Clinical Review

Developmental assessment of children

BMJ 2013; 346 doi: (Published 15 January 2013) Cite this as: BMJ 2013;346:e8687

Re: Developmental assessment of children

I enjoyed the article ‘Developmental assessment of children’ and found the table of ‘normal developmental milestones’ and the list of ‘red flag’ indicators very useful. However, as a speech and language therapist, I believe there was an important omission in that there were no pointers for detecting difficulties with the comprehension of spoken language. This is more subtle than a child’s expressive language to detect, and can be easily missed, yet the implications can be more serious.

In box 3 you suggest asking ‘Do you have concerns about how your child talks and understands what you say?’ which is a good lead-in question. However, in my experience many parents think that their child understands what is being said to them whereas they are often picking up visual clues from the situation e.g. the family is ready to go out and the child responds to ‘get your shoes’.

I would therefore suggest that at 2 years a ‘red flag’ warning should be given if the child is not responding to their name, and shows no situational understanding. Also if they are not able to understand one key word from what is said to them e.g. ‘Where’s mummy?’, ‘Where’s the ball?’ (from a selection of 3 objects e.g. a cup, a ball and a spoon’) or‘Get your spoon’. It is better if objects are used before pictures as this follows the developmental sequence.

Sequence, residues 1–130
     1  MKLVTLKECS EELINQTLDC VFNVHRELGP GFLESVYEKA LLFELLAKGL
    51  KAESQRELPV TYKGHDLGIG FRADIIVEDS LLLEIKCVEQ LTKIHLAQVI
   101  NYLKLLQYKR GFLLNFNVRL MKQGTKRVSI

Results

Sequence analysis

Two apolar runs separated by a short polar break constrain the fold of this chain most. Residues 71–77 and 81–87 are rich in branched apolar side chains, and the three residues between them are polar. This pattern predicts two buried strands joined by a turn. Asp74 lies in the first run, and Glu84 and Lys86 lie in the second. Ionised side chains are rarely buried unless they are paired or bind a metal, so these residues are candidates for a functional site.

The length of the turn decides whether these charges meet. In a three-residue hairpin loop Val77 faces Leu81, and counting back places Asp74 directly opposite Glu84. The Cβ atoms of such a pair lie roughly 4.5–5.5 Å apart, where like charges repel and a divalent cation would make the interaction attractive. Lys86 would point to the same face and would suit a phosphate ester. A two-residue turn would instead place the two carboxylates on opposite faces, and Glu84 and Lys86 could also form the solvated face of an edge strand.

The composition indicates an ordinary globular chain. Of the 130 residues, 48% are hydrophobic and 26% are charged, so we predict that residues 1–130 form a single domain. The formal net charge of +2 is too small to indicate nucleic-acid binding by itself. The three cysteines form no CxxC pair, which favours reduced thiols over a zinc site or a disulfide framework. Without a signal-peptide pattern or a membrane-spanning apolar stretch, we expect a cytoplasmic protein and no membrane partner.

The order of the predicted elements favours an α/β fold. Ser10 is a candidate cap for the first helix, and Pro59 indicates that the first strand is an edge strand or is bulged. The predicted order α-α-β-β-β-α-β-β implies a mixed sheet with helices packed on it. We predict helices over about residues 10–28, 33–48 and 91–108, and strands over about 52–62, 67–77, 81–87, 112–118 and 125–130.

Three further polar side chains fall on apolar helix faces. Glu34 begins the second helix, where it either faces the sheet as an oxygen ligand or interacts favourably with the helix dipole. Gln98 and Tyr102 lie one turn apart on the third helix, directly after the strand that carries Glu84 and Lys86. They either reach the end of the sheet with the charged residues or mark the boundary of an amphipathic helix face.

At 3 years there should be a red flag warning if the child is not following simple instructions e.g. ‘Give me the car’ or ‘Give the banana to mummy’. It will of course be important for the professional not to give cues in the form of eye pointing or a hand gesture so that it is clear that the child is responding to spoken language. It will also be important to take into account the child’s single channelled attention span between the ages of 2 – 3 years so that if the child is playing, he may not be able to listen at the same time.

The earlier that comprehension difficulties are identified, the sooner that support can be given in the form of reducing the language that is used when talking to the child, slowing the pace by using pauses, the use of signing alongside language and using visual prompts, such as objects and pictures, when conversing with the child.

In practice I have seen many children (usually boys) between the ages of 2 years to 2 years 6 months who may be using very little expressive language but who have good comprehension, and they will often go on to develop skills within the normal range. Therefore, to a speech and language therapist alarm bells will ring if a child is not understanding spoken language rather than the emphasis you have given in your article to the number of words that a child is saying at a given stage.

Competing interests: No competing interests

20 January 2013
Maeve Guly
Speech and Language Therapist
The Shrubbery, Bedford Rd, Horrabridge, Devon, PL20 7QH